|Director : Gérard ORTH (firstname.lastname@example.org)|
Certain human papillomavirus (HPV) genotypes display an oncogenic potential. These viruses most often cause inapparent infections of the skin and genital mucous membranes. They may induce intraepithelial lesions that most frequently regress but may occasionally progress into invasive cancer. Such a process accounts for the great majority of carcinomas of the uterine cervix. Model diseases allow us to analyze the factors underlying the interindividual variation in the susceptibility to oncogenic papillomaviruses and the mechanisms involved.
Susceptibility genes to infection with oncogenic HPVs: epidermodysplasia verruciformis Michel Favre
Epidermodysplasia verruciformis (EV), is a rare autosomal recessive genodermatosis, characterized by an abnormal susceptibility to HPV5 and related HPVs. HPV5 infection of EV patients is associated with a risk of developing skin carcinomas. EV HPVs are widespread but their pathogenicity in the general population remains unknown.
The genetic study of consanguineous families, in collaboration with L.-A. Rueda (Bogota) and B. Bouadjar (Algiers), allowed us to map a major susceptibility locus for EV (EV1) in the chromosomal region 17q25. We very recently identified nonsense mutations affecting two adjacent novel genes (EVER1, EVER2) localized in EV1. These mutations, when homozygous, segregate with the disease and inactivate one of the two genes. EVER1 and EVER2 proteins display no homology with known human proteins. They are located in the endoplasmic reticulum ( Photo ). This first identification of genes conditioning the susceptibility to oncogenic HPVs opens new avenues to understand the cellular or immunologic mechanisms involved in the control of latency and pathogenicity of these viruses. Current experiments are aimed at unraveling the function of EVER genes.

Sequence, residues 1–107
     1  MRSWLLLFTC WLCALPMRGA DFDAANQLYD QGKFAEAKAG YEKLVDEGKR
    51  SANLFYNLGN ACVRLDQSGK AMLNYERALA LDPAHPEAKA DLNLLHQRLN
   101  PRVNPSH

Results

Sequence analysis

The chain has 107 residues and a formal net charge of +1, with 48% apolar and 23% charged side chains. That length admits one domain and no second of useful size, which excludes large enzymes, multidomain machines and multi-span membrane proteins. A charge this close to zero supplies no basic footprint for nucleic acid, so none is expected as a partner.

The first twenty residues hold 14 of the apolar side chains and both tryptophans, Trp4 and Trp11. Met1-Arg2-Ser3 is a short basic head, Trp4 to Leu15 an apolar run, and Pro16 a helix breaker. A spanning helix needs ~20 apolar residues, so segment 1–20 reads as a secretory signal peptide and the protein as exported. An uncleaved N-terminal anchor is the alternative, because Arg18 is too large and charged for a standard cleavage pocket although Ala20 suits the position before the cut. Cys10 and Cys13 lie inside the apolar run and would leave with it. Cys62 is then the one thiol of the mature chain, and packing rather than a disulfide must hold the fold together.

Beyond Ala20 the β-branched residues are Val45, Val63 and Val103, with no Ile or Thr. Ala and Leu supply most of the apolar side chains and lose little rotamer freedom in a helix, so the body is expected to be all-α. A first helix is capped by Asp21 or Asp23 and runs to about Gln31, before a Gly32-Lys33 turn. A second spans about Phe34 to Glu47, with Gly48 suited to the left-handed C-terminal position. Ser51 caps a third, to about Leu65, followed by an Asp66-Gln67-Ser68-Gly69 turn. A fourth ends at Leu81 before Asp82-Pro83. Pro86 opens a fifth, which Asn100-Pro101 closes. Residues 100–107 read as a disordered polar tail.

Do HPVs associated with epidermodysplasia verruciformis play a role in psoriasis ? Michel Favre, Gérard Orth
Psoriasis is a hyperproliferative, inflammatory skin disease with a strong genetic background. The activation of T lymphocytes by as yet unidentified keratinocyte antigens plays a central role in the pathogenesis of the disease. In collaboration with S. Majewski and S. Jablonska (Warsaw), we showed that the prevalence of antibodies specific of the capsid proteins of HPV5, the genotype associated with EV carcinomas, is 10-20-fold higher in patients with psoriasis as compared to the general population. We detected HPV5 and other EV HPVs in over 80% of psoriasis plaques by a PCR approach. The EV1 susceptibility locus for EV is mapped within a susceptibility locus for familial psoriasis in 17q25. Our aim is to determine whether the variability of EVER1 and EVER2 genes plays a part in the pathogenesis of psoriasis and whether the expression of EV HPV proteins contributes to the epidermal hyperproliferation and autoimmune phenomena that characterize the disease.
Genetic factors controlling the evolution of lesions induced by oncogenic PVs F. Breitburd